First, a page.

Tuesday, July 19, 2011

The fight against Natural Gas development is based on what again?


This past week has been an exercise in patience; specifically when dealing with folks who are still on the fringes of understanding what natural gas development entails in its entirety. I can’t even begin to count how many people have approached me with questions about the new “regulations” which I quickly explain are not regulations but permit conditions. Not sure that even helps with the comprehension; but I digress.
The most common complaint that I am hearing is the fact that the NYDEC had the audacity to release the sGEIS and actually claim that the development of natural gas can be done safely. This fact according to some of my accosters is just NOT possible. My response which is pretty much standard is to inquire if they have actually read the sGEIS. My favorite response so far is “What? Read 1096 pages? No Way! And anyway I hear it is flawed.” And the source of the information is usually a website dedicated to anti- natural gas development sentiment. Those particular conversations always end with some kind of statement related to “Water Equality.” “Why is our watershed not as important as NY City’s watershed?”
So, now I am wondering what the anti- natural gas development movement is about. We all know that this issue is politically motivated. Is it now cemented in the upstate versus downstate politics? Why are downstaters still fighting for “water equality” while downstate landowners in the NY City watershed are fighting for “gas equality”?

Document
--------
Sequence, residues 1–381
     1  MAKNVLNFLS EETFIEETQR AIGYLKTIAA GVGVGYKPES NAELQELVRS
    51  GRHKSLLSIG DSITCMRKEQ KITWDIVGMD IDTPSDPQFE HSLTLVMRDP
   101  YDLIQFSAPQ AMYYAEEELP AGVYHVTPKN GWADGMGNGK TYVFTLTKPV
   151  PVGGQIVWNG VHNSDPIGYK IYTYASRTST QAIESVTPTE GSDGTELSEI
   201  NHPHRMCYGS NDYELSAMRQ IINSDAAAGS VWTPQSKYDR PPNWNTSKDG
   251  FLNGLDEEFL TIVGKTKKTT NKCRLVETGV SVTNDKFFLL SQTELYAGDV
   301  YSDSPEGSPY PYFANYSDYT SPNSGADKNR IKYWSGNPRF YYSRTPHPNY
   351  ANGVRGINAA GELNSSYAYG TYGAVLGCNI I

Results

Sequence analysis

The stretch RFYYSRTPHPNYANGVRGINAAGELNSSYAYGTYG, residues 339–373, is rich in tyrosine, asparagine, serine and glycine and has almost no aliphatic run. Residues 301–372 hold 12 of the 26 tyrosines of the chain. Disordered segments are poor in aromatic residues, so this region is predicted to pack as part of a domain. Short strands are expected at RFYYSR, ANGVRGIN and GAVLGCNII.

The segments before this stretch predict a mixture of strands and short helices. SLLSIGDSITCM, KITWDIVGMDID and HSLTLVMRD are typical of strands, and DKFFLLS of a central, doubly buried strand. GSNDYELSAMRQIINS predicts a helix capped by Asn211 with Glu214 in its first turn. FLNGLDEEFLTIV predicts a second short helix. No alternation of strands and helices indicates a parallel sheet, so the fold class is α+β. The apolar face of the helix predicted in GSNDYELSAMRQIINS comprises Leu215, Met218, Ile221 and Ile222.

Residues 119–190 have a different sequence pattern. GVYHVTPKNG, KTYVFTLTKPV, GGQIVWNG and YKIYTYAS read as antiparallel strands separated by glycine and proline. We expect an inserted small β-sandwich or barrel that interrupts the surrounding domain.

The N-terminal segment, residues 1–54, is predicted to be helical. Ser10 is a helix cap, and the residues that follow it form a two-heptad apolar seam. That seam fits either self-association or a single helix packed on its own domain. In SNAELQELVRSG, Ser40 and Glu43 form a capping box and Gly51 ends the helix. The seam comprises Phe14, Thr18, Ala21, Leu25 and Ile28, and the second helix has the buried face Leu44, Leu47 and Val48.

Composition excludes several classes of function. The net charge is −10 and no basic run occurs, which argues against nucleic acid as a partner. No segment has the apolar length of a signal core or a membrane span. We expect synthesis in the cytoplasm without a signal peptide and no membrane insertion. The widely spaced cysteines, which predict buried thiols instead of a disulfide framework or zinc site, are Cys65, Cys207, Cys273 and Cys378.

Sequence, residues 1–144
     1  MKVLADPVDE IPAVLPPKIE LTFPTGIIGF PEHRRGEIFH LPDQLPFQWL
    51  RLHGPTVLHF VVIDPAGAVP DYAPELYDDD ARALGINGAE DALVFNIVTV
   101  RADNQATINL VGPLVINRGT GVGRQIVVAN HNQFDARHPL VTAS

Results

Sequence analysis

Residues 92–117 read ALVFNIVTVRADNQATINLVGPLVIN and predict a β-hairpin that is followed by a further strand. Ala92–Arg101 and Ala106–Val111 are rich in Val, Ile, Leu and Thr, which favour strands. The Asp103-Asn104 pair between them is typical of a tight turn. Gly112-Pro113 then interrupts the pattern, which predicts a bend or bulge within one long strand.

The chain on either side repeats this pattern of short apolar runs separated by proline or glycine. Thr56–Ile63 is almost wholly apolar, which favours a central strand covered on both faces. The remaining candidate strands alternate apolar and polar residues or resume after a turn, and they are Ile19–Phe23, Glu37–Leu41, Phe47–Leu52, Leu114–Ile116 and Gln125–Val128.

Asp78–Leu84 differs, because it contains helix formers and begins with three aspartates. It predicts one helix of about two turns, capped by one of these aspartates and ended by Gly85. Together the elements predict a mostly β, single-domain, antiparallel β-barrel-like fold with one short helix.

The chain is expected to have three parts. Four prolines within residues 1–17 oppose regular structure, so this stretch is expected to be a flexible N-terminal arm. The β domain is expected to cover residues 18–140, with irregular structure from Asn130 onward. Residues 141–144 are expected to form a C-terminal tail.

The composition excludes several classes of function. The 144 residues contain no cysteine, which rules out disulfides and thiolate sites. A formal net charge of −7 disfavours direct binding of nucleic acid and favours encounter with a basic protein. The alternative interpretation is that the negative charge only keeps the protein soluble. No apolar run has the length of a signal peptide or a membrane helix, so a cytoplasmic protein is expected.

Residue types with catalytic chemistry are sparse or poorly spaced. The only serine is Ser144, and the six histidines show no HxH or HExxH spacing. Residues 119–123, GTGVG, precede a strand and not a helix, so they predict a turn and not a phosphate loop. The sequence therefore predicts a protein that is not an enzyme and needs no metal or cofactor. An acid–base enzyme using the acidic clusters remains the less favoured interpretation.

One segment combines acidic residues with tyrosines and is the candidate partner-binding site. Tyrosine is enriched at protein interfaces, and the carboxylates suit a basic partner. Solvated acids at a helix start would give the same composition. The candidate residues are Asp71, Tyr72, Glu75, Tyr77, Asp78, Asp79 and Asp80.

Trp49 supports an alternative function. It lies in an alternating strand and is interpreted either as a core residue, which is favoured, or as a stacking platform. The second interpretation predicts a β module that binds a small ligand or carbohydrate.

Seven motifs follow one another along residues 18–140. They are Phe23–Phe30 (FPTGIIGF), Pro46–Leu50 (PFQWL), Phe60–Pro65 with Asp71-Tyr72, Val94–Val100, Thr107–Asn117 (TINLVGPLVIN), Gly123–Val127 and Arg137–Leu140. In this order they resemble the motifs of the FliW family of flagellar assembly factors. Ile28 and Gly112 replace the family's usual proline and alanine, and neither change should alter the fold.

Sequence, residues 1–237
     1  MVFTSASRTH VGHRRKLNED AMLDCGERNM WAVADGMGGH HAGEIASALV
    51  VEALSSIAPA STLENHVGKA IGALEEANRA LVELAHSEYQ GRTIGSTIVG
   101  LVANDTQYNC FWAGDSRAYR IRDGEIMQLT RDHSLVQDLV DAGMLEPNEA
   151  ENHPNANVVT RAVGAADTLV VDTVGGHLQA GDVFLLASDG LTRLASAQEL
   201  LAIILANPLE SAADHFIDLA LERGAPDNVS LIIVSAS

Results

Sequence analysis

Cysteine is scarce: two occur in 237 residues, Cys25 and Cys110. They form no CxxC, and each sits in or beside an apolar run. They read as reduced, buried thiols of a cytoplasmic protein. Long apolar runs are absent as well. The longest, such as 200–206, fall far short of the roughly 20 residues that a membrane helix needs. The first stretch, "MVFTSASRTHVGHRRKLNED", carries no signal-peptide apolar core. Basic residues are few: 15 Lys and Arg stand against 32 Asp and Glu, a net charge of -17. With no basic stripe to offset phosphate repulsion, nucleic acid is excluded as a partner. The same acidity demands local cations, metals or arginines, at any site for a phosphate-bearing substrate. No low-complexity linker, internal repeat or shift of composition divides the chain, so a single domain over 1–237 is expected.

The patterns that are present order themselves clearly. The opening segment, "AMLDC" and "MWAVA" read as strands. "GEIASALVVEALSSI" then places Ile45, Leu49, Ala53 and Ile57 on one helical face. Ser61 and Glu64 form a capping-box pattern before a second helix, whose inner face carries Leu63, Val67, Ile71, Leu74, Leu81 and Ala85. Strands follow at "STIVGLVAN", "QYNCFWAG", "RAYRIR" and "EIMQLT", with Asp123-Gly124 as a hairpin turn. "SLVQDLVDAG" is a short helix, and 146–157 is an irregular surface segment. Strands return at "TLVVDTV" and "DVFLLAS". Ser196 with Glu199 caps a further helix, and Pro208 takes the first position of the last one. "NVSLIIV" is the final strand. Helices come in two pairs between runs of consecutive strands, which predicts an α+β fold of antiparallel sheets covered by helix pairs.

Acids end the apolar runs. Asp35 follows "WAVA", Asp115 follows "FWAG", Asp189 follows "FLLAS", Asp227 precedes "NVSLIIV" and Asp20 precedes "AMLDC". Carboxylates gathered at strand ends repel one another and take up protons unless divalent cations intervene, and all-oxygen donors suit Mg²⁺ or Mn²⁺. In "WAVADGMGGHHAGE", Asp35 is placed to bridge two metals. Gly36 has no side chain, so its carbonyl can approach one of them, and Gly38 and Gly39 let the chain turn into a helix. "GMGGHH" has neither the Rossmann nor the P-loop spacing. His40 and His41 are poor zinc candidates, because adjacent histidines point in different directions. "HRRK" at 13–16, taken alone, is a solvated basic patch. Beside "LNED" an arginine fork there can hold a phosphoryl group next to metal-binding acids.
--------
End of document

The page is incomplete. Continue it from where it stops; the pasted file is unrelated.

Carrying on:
I am looking forward to hearing and seeing some of the local presenters who talk about how woefully inadequate the “regulations” are; all 1096 pages. I wonder if any of the local speakers will update their presentations to address the changes that have occurred since the last release of the sGEIS or will they keep passing the same rhetoric to people who do not have the time or interest to read the document for themselves.

1 comment:

  1. Notice that both sides are able to say -- it is politics, and not science, of course. If it's not safe enough for NYC, then it's not safe enough anywhere, one side says. Or, if it's safe enough to drill upstate, then it should be safe enough for NYC, the other side says. Just another argumentative loop.

    Meanwhile, does anybody care about the landowners anymore?

    More here: